Since 1970, the month of April has been used to spread awareness about Autism Spectrum Disorder (ASD). Autism is a complex developmental disability that affects everyone differently. ASD is a “spectrum condition” that is diagnosed when a certain set of behaviors, along with their severity, are defined.

These behaviors could be noticed in a child as early as infancy, but usually, they appear during early childhood. If you think your child may be on the spectrum, having your child’s doctor perform “developmental screenings” during checkups will help diagnose if your child has ASD.

People with Autism often have trouble with social, emotional, and communication skills. Some of the most common behaviors associated with people with ASD are difficulty making eye contact; delayed learning of language, problems holding a conversation, having a narrow, intense interest; sensory sensitivities, and poor motor skills.

Not every person on the spectrum will show all, if any, of those behaviors. Individuals with ASD have different ways of learning or reacting to things. Other signs that should encourage you to have your child evaluated are:

Have trouble relating to others or not have an interest in other people at all
Have trouble understanding other people’s feelings or talking about their own feelings
Appear to be unaware when people talk to them, but respond to other sounds
Be very interested in people, but not know how to talk, play, or relate to them
Repeat or echo words or phrases said to them, or repeat words or phrases in place of normal language
Have trouble expressing their needs using typical words or motions
Not play “pretend” games (for example, pretending a box is a spaceship)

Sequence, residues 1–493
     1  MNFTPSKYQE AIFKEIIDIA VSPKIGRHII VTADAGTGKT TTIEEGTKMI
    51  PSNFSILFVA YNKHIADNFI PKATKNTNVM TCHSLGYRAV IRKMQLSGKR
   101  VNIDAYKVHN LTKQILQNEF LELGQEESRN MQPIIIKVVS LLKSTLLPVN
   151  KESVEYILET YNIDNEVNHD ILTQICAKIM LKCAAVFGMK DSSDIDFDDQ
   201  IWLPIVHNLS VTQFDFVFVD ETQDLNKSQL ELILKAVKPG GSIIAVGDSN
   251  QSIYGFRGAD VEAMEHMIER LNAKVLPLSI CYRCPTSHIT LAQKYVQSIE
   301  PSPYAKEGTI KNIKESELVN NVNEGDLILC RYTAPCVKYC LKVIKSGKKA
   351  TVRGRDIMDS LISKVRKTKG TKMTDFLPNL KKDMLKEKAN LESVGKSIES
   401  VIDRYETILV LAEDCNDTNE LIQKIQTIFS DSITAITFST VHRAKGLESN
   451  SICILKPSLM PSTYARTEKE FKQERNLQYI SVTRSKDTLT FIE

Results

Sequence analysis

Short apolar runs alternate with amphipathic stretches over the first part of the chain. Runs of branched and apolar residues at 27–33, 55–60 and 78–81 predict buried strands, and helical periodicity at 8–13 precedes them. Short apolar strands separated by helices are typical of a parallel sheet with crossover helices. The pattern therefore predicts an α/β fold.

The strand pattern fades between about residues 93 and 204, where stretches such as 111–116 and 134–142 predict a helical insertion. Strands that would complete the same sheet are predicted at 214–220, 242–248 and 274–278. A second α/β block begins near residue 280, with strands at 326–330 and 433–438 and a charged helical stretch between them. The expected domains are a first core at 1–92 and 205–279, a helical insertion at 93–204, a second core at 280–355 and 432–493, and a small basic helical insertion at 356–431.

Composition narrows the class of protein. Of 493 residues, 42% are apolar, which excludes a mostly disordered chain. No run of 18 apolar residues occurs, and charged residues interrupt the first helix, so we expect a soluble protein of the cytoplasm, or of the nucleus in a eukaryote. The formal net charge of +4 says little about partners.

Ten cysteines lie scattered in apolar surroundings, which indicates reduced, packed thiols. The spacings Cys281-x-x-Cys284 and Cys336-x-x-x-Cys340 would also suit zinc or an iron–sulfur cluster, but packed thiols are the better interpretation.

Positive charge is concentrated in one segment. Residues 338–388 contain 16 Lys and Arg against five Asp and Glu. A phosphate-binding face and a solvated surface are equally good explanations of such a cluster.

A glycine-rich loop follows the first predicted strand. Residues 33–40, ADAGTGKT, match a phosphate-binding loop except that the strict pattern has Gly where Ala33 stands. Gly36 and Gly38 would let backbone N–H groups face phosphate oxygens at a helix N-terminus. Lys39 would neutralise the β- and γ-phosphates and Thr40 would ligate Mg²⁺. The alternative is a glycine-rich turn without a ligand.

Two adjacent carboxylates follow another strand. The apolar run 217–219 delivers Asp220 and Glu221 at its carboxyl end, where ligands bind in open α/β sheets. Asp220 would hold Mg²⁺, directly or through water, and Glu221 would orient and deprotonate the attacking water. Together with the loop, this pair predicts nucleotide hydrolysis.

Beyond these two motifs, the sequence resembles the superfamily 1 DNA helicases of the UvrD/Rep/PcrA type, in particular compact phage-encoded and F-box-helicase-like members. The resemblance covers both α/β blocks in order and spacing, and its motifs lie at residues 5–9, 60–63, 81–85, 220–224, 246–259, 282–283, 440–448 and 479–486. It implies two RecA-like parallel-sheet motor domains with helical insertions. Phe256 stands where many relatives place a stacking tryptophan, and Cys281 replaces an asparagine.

Trouble adapting when a routine change

While there is no single reason that can be contributed to the cause of ASD, it is generally accepted that abnormalities in brain structure and/or function is a factor. Autism does occur more frequently in individuals with Fragile X Syndrome, Tuberous Sclerosis, and untreated Phenylketonuria.

In 2018, the Center for Disease Control and Prevention issued its ADDM Autism Prevalence Report. According to their report, 1 in every 59 children born in the United States will be diagnosed to be on the spectrum.

Currently, there is no cure for Autism. However, if diagnosed early, intervention treatments can help improve development with certain symptoms. Intervention treatments may include therapy to help social interaction or speech, music therapy, or sensory integration.

Autism Awareness is known to have one of the most well-known awareness ribbon styles. The Puzzle Ribbon. This design was adopted in 1999 as the universal sign for Autism Awareness. The puzzle pattern reflects the diversity of people living with the condition, as well as the complexity of the autism spectrum.

Our Giant Autism Awareness Loop is a great way to show your support throughout April at your office or home. Our Awareness Ribbons and Pins can be customized with the puzzle pattern as well.

For more information about Autism Spectrum Disorder, go to